“Epidemiology is nothing if not a productive field. All that is needed for success is a database (larger the better), a disease (any will do), and some minor facility with statistical software.”
William Briggs writes:
Our latest example is the Environmental Health Perspectives1 paper “Residential Proximity to Freeways and Autism in the CHARGE Study” by Volk et al.
The authors found a group of mothers who lived in California. They measured the distance these mothers lived to “freeways and major roadways” for the majority of their pregnancies. They also took note whether their children developed autism. They posited that living closer to freeways increased the risk of autism. They also measured mothers’ education, age, and smoking status, the kids’ race and whether the kids were preemies.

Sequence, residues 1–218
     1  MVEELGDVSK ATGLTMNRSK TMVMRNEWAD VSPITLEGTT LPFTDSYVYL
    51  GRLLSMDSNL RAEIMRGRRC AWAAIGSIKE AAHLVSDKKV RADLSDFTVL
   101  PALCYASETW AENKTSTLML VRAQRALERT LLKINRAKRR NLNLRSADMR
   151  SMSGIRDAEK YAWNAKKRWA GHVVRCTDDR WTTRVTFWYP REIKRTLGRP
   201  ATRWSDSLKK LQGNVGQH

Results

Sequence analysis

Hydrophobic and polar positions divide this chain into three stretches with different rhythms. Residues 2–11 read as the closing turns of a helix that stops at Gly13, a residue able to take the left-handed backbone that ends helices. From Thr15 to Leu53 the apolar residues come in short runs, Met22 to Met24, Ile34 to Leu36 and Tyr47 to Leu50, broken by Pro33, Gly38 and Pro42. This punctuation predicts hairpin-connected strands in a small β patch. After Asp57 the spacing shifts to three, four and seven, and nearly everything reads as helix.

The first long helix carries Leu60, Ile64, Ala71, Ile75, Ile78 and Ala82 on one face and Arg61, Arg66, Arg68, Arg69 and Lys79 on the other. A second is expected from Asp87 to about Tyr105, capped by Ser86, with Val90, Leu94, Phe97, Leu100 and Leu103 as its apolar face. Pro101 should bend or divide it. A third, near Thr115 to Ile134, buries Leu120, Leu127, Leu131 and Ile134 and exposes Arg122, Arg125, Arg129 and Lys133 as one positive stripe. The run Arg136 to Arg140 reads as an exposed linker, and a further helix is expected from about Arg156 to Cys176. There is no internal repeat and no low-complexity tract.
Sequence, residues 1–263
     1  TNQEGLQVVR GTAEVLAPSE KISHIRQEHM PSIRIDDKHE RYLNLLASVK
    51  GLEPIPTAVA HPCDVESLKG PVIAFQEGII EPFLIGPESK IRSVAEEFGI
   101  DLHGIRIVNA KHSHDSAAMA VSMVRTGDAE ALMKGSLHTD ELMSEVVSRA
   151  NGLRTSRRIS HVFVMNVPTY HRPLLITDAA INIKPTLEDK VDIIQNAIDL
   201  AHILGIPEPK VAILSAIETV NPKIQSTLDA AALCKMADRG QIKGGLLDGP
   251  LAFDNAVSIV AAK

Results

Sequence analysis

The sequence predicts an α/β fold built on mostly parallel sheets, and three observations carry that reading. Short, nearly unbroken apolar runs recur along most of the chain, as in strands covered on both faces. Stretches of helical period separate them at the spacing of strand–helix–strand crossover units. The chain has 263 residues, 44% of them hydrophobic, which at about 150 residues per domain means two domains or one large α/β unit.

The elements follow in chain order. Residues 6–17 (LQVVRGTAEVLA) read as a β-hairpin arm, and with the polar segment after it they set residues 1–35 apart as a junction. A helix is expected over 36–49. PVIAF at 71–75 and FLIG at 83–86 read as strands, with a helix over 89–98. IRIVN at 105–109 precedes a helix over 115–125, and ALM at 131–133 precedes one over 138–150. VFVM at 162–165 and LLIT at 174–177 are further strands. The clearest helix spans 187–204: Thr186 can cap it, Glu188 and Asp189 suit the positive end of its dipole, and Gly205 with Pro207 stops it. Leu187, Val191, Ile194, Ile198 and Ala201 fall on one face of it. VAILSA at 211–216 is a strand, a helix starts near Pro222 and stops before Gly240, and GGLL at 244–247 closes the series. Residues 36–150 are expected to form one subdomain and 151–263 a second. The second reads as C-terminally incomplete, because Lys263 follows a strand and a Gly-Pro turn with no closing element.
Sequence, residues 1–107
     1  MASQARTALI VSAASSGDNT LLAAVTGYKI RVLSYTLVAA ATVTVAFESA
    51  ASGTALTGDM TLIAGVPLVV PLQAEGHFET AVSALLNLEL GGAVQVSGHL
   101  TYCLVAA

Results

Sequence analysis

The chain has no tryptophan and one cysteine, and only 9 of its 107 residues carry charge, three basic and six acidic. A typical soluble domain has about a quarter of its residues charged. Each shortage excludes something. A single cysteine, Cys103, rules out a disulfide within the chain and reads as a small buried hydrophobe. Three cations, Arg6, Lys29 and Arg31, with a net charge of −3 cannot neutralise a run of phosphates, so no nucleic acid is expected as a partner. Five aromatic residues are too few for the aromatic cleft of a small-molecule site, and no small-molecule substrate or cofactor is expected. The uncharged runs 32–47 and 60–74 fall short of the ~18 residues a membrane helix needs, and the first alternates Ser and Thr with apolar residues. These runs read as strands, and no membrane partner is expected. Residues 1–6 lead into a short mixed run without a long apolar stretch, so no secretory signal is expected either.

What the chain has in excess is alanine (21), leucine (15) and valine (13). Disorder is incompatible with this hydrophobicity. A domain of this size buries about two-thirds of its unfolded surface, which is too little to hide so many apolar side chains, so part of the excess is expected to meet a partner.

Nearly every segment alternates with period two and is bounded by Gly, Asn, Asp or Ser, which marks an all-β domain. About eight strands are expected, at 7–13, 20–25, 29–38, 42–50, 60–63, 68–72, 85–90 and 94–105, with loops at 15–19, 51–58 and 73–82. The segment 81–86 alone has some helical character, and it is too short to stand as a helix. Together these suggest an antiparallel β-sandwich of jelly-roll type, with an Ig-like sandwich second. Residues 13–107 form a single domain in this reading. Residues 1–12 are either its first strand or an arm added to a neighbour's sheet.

They purposely identified 304 kids with autism and 259 without from a database “frequency matched by sex, age, and broad geographic area.” Ideally, since this data was hand-picked, they should have had equal numbers in each group, and equal frequencies of boys in each group. But the autism group had 87% boys, while the normal group had 81%. In other words, by design (purposeful or accidental), they put more boys in the autism group than they put in the control group. They gave this difference a “Chi-square p-value” of 0.10. What does that number mean? Well, nothing (see the footnote2)…